This volume, as in all previous volumes, evokes memories of the hard times endured by the POWs, although with passing years those memories have somewhat faded for the survivors.  It is a reminder to those who are unfamiliar with the human misery, the constant hunger for news and food, and the forced labour that war caused, causes and will continue to cause.  It is also a reminder that at the end of the day human spirit triumphs over all adversaries. 

Regrettably, many who were quoted in this book did not survive, either because of malnutrition or exhaustion or because they died in attempts to escape or died through friendly fire, above and below the sea.  It is about time the stories of the POWs were told and this volume deals fully with those imprisoned in Hong Kong and China, and the text identifies also the various camps, censorships applied both into and out of Hong Kong and of course the triumph, peace and return home for the expatriates.  

Mr Tett has approached the subject of prisoners in China and Hong Kong, as in his other works on the same subject in other territories, from the point of view of postal history.  By this I mean he has researched into the subject from his extensive collection of cards and letters as well as those belonging to specialist collectors who willingly lent him the materials and gave him advice when sought.  All the camps (from Beijing to Hong Kong) are covered, including opening and closing dates and those prisoners who had to be transferred from one camp to another or to be freed as a result.  The subject also covers censorship, postal markings and directional markings. Most are fully illustrated.  The subject also covers the emotional (in particular the loneliness and hopelessness) and social story as told through the mail.  Personal stories are told, sometimes in complete chapters, sometimes in anecdotes in the text. 

The whole work provides a wonderful insight into the trials and tribulations of those unfortunate enough to become prisoners and the anxieties of those loved ones left at home.  I hope that further information and illustrations on this subject will be provided to Mr Tett as a result of this book so that the subject, if possible, could be further enhanced in the next edition.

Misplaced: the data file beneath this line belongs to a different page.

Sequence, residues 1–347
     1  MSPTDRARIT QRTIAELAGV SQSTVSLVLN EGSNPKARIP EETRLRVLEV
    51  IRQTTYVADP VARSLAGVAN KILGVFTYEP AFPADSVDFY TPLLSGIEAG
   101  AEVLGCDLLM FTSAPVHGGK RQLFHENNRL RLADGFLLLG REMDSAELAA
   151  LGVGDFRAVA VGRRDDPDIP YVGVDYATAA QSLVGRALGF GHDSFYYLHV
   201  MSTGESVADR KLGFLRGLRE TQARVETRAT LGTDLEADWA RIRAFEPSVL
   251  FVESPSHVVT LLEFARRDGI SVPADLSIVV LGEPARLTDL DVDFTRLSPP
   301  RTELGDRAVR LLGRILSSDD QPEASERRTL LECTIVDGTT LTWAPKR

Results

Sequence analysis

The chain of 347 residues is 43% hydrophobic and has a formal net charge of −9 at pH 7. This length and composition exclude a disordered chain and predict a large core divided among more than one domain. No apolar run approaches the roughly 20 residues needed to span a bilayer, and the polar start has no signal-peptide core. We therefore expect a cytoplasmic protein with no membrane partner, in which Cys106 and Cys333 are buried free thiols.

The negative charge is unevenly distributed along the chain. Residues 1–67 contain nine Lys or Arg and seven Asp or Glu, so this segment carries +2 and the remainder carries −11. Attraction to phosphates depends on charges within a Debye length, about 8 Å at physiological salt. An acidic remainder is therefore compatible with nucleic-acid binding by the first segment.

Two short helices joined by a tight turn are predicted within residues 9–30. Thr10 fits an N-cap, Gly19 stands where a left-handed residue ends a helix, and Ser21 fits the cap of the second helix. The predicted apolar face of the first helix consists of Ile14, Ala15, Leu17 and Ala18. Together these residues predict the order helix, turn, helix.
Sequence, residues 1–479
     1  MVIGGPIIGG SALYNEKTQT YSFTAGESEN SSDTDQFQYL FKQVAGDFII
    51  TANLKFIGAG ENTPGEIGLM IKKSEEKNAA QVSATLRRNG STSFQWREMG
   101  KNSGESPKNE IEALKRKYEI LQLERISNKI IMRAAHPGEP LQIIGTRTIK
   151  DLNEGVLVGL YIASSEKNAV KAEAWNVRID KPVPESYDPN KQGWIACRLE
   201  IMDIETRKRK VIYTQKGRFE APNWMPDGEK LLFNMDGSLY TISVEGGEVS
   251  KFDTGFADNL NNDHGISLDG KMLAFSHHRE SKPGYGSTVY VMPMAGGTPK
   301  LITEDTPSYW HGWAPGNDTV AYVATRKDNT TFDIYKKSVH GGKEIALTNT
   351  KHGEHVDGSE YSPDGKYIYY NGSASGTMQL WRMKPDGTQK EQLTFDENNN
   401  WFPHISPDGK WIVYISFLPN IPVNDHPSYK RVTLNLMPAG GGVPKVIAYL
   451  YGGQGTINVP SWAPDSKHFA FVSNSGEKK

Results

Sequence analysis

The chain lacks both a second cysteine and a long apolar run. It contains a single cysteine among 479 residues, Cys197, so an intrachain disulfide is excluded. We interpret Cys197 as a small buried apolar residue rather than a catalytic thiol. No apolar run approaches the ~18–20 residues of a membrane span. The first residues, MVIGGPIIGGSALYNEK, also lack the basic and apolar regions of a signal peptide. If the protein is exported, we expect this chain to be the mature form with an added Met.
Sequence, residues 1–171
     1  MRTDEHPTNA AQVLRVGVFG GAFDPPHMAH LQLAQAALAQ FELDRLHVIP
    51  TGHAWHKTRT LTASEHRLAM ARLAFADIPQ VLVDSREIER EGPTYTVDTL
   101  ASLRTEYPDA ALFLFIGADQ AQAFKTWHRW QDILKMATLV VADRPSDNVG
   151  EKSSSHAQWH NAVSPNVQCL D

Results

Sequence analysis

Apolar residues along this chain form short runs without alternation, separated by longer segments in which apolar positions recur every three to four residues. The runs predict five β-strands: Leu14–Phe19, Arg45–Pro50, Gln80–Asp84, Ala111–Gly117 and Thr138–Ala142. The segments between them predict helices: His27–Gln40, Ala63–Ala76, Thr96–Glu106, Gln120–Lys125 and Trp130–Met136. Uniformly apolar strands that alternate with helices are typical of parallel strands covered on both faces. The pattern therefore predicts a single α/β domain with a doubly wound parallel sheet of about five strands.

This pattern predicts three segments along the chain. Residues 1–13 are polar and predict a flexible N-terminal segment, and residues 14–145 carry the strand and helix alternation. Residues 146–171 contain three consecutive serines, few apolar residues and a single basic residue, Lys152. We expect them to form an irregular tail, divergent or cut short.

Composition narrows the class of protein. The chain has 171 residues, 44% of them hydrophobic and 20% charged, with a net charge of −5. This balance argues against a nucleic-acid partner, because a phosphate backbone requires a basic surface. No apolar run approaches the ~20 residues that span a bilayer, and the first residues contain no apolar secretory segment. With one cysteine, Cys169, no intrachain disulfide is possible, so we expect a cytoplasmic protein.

William Kwan, Hong Kong, July 2007

Dedication v
Foreword vii
Acknowledgements ix
Notes xi
Glossary and Abbreviations xiii
Introduction xvii
1 Prelude to Captivity 1
2 Mail to the Prisoners of War in Hong Kong 21
3 Mail from the Prisoners of War in Hong Kong 59
4 Mail to the Civilian Internees in Hong Kong 95
5 Mail from the Civilian Internees in Hong Kong 143
6 Mail from Camp to Camp within Hong Kong 177
Mail to the Prisoners in China 203
8 Mail from the Prisoners in China 247
9 The Grayburn Family's correspondence 289
10 The van der Laan Family's Correspondence 313
11 Japanese Marks and Censors' Seals used in Hong Kong and China 341
12 Some Went Home 355
13 Update to Volumes 1, 2 and 3 393
1 The Armed Forces at the Fall of Hong Kong 404
2 Cards, Covers and Letters Addressed to POWs in Hong Kong 405
3 Cards, Covers and Letters Sent by POWs in Hong Kong 411
4 Cards, Covers and Letters Addressed to Civilian Internees in Hong Kong 417
5 Cards, Covers and Letters Sent by Civilian Internees in Hong Kong 424
6 Cards and Covers Sent from Camp to Camp within Hong Kong 429
7 Cards, Covers and Letters Addressed to Prisoners in China 433
8 Cards, Covers and Letters Sent by Prisoners in China 439
Bibliography 443
Index 453

FROM UK: If you would like to order a copy or copies of this book within the UK please send your cheque for £42 (£35 + £7 postage and packing) to any address below (or click to order via email):

D F Tett, 16 Broadway, Gustard Wood, Wheathampstead, Herts,

OTHER COUNTRIES: Orders can also be sent to the addresses below or click on supplier to send an email

For other countries please apply to D F Tett for details of post and packing charges and delivery.